DOC.
14
EINSTEIN
AND
BESSO
MANUSCRIPT
465
[p. 50]
(Besso)
[233]On
[p. 50], an
expression
for the metric
field inside
a
rotating ring
is
derived for the
purpose
of
estimating
the effect of
Jupiter
on
the
precession
of
the
nodes of
Mercury and
other
planets
inside
Jupiter's
orbit.
[234]The
firstorder "Entwurf"
field
equations
are
solved
to
find the
deviations from
a
flat
Minkowski metric
representing
the
gravitational
field
inside
a
thin
ring
of diameter
R
lying
in
the
xyplane, rotating slowly
and
uniformly
around the
zaxis.
The
energymomentum tensor
for
this
problem
will be
of
the
form
given
in
[eq.
332],
and
the
metric
field
y/lv
will
be
of the form
given
in
[eq.
333],
both for
the
special
case z
=
0.
The reference
to
page
"101"
suggests
that
[eq.
332]
and
the
integral
for the
14component
in
[eq.
333] were copied
from
[p. 18]
(see
[eq.
119]
and
[eq.
121]).
From the
final
results that
are given
for the
components
of
yuv
in
[eq. 333] one
can
infer that Besso made
a
serious
error
in evaluating the integral
for
y14
for the
case
at
hand.
This also affects the
analogous expression
for
y24.
Probably
because of
the
cryptic
notation
used
in
the
manuscript
for calculations
like this
(see
[pp.
1819]
and
[pp.
3637]),
Besso confused
the coordinates of
source
points
and
field points in this
case.
When the coordinates of
points
where the
field
is
to be
evaluated
are
called
X,
and
the coordinates of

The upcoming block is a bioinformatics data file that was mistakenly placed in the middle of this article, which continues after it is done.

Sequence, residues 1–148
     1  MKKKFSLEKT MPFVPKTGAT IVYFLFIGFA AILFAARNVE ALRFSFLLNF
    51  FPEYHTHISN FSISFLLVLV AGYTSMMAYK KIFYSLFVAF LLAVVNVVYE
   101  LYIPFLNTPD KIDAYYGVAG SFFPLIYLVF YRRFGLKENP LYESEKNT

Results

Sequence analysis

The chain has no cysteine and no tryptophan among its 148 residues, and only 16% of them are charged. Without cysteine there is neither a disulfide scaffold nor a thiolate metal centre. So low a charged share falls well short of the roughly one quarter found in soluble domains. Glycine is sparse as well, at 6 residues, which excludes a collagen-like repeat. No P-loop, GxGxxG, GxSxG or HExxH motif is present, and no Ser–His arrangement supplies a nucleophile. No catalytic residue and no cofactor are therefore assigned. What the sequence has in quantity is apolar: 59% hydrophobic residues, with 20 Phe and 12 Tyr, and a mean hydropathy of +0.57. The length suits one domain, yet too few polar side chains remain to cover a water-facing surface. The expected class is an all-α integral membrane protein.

points occupied
by
the
rotating ring x,
y14
can
be
written
more
explicitly
as
(see
the editorial
note,
"The EinsteinBesso
Manuscript
on
the Motion of
the
Perihelion of
Mercury,"
sec.
II.2a,
eq.
(13))
*
f
Po(x)x
yl4(X)
=

/
dx^
J
An
\X

x\
The
velocity
x
of
the
rotating ring
can
be
written
as o x
x,
where
o
is
the
angular velocity
vector.
Since
ox
=
oy
=
z
=
0 in this
case,
one
has
x
=
(2n/T)y,
where T
is
the
period
of revolution of
the
rotating ring.
The
expression
for
y14
given
in
[eq. 333]
strongly
suggests–
using
the notation introduced
abovethat
(2n/T)Y rather
than
(2n/T)y
was
substituted
for
x
in
the
integral,
and then
put
in
front of
it. Moreover,
a
factor
2
and
a
minus
sign
got
lost
in evaluating
the
integral. Finally,
it
is
somewhat
puzzling
that R'
(or
\X

x\
in the notation
introduced
above) is set equal
to R.
After
all,
the field
of
Jupiter
has
to
be
evaluated
near
the
orbit of
Mercury,
not
near
the
sun.
[235]Inserting
guv
from
[eq. 334],
the covariant form of
the metric
field
in
[eq.
333], into
b
=
rot
g (see
note 97),
one
arrives
at
[eq. 335].
[236]The purpose
of
the
calculations
at
the foot of
[p. 50]
seems
to be to find
the ratio between
the bfield of the
sun
and the
bfield
of
Jupiter
near
the orbit of
Mercury
(see
note 220).
When
one
compares
[eq. 320]
for the
bfield
of
the
sun
to
[eq. 335]
for the
bfield
of
Jupiter,
making
the
simplifying assumption
that
the
orbit of
Jupiter,
the orbit of
Mercury,
and the
plane
of
rotation
of
the
sun
all
coincide and
can
be
chosen
as
the
xyplane,
one sees
that
the bfields
of
Jupiter
and
the
sun
in
the
plane
of the orbit of
Mercury point
in
opposite
directions
along
the
zaxis.
Both
fields
furthermore contain
a
factor
k,
which will
drop out
when
taking
their
ratio. Hence, in
order
to
find
the ratio of
the two fields
one
only
has
to
evaluate
S0/a3
for the sun's
field,
and M/2T
R
for
Jupiter's
(the
bfield
of
Jupiter
inside
its
orbit
is
tacitly
assumed
to
be
homogeneous). Using
S0
=
4.4
•
1047
g
cm2/s
and
a
=
5.8
•
1012 cm,
one
obtains 2.2
•
109 g/cm
s
for the sun's
field.
For
Jupiter
one
needs
its
mass
(M

2
•
1030
g),
its
period
of revolution
(T
~
4
•
108
s),
and
its
distance from the
sun
(R
~
8
•
1013 cm).
In
the
manuscript
the number
4
•
1013
cm
is
used for
R.
It follows that
bz(rotation
of the
sun)
=
20bz(Jupiter),
a
result stated
explicitly
on [p. 47]
(see note 220).
For
a
discussion of
how,
with the
help
of
this result,
one
arrives
at
the
estimates
at
the foot of
[p.
50]
for the effect of
Jupiter on
the nodes of
Mercury
and
Mars, see
notes 221
and 222.